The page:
Newborn Screening for Critical Congenital Heart Disease (CCHD)
Congenital heart disease is imperative to identify and treat as soon as possible. Critical congenital heart disease in particular may require surgical or medical intervention in the first year of life. Almost all types of known congenital heart defects can be surgically repaired or palliated. Due to best practice advancements, survival rates continue to improve.
For the above reasons, Iowa law requires every newborn to be screened for CCHD prior to discharge from the hospital, or after 48 hours of age. Iowa Administrative Code 641 IAC 4 describes the requirements for newborn screening for CCHD.
As a provider, you play a key role in both executing early diagnosis and timely intervention and contributing to their continued improvement. There have been a number of noteworthy announcements in recent years regarding CCHD:
- August 2009: American Academy of Pediatrics (AAP) and the American Heart Association (AHA) conclude that pulse oximetry is a viable strategy to improve early detection of CCHD.
- September 2010: US Health and Human Services Secretary’s Advisory Committee on Heritable Disorders in Newborns and Children (SACHDNC) recommended that CCHD be added to the newborn screening panel. They recommended seven specific targets: hypoplastic left heart syndrome (HLHS), pulmonary atresia, Tetralogy of Fallot,, total anomalous pulmonary venous return, transposition of the great arteries, tricuspid atresia and truncus arteriosus.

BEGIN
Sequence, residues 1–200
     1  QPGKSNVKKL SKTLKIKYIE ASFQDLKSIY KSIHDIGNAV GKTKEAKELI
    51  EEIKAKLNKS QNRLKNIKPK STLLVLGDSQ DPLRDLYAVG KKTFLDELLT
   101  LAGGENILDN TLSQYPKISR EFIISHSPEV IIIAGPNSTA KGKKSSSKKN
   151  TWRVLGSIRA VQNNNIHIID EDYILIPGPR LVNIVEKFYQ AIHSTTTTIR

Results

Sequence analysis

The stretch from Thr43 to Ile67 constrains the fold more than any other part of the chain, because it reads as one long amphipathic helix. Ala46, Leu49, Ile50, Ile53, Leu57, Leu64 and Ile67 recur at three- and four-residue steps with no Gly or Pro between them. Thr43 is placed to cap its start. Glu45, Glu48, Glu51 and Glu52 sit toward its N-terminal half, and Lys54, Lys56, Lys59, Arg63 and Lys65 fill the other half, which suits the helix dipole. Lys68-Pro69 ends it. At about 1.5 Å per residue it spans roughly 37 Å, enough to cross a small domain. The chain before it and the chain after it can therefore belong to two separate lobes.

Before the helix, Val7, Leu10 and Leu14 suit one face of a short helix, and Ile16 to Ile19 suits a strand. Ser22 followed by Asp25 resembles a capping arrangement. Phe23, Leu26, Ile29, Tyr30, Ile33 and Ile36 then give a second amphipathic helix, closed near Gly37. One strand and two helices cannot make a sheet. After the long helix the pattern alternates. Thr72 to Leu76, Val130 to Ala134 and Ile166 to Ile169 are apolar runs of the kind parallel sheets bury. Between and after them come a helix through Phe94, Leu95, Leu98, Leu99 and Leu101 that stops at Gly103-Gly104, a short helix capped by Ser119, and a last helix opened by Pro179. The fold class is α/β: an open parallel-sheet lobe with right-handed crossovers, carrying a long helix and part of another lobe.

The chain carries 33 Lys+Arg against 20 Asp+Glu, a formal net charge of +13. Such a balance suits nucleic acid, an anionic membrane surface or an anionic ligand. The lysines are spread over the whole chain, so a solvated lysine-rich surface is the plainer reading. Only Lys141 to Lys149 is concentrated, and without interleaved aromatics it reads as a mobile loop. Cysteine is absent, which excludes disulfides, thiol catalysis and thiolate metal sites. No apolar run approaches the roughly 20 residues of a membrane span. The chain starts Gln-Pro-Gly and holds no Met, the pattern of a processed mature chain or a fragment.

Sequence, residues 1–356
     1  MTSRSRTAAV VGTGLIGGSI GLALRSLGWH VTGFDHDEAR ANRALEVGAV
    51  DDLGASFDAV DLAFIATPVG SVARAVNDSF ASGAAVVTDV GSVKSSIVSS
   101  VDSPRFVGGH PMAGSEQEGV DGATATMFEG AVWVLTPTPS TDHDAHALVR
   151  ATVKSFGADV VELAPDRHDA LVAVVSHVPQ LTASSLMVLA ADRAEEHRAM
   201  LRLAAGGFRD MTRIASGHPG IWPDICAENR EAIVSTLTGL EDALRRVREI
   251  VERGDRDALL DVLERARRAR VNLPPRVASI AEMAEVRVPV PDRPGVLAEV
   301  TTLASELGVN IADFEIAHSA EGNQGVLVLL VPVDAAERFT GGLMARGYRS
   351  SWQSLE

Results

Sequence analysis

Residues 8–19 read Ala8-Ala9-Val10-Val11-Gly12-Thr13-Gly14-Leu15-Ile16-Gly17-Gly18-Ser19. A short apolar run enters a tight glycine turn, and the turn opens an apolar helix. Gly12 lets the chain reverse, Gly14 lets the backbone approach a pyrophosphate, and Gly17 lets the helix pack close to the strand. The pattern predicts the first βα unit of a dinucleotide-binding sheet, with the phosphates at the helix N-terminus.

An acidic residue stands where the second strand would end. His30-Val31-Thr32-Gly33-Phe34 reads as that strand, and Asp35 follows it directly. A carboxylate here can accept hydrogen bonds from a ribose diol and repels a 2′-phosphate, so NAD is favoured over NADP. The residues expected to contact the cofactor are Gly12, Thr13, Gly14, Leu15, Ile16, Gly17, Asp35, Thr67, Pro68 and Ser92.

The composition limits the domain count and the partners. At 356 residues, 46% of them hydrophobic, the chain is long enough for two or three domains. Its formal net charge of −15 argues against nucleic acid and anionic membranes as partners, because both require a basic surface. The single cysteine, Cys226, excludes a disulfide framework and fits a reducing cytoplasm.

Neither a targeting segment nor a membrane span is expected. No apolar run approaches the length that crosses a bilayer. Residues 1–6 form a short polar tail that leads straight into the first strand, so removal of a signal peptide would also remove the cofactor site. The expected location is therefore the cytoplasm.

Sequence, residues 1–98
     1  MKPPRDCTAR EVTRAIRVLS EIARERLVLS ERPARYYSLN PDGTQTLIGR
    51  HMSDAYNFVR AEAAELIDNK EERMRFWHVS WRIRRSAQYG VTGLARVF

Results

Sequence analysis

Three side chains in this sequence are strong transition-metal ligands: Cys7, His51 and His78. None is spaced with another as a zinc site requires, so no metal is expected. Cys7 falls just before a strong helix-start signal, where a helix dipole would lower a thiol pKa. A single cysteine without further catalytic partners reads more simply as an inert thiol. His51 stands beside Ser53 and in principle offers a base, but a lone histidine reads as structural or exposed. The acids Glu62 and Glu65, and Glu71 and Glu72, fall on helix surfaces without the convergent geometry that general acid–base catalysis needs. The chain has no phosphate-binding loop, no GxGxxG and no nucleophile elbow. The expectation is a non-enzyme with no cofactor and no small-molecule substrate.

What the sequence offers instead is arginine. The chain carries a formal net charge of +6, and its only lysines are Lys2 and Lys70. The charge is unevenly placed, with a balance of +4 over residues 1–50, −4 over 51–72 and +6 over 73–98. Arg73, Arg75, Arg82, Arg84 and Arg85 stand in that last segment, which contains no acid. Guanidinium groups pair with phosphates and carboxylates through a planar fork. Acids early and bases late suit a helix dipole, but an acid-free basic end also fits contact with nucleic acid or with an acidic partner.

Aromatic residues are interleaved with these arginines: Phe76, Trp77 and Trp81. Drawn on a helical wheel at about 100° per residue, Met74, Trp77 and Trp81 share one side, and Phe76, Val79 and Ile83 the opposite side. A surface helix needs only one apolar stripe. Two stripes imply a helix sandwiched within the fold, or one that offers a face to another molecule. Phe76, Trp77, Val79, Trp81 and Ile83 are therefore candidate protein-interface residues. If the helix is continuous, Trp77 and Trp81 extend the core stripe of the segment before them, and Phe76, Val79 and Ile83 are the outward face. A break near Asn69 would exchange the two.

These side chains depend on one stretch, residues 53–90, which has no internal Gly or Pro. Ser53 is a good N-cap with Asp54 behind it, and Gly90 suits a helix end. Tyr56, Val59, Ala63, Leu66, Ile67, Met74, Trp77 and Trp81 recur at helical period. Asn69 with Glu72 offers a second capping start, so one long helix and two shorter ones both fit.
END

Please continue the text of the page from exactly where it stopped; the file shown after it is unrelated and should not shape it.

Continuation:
- January 2011: A work group chosen by the SACHDNA, APP, AHA and the American College of Cardiology came together to create recommendations for a standardized approach to screening and diagnostic follow-up, which can be seen here.
Though pulse oximetry is the agreed upon approach, it is important to inform parents and caretakers that a negative test result does not exclude the possibility of a heart defect.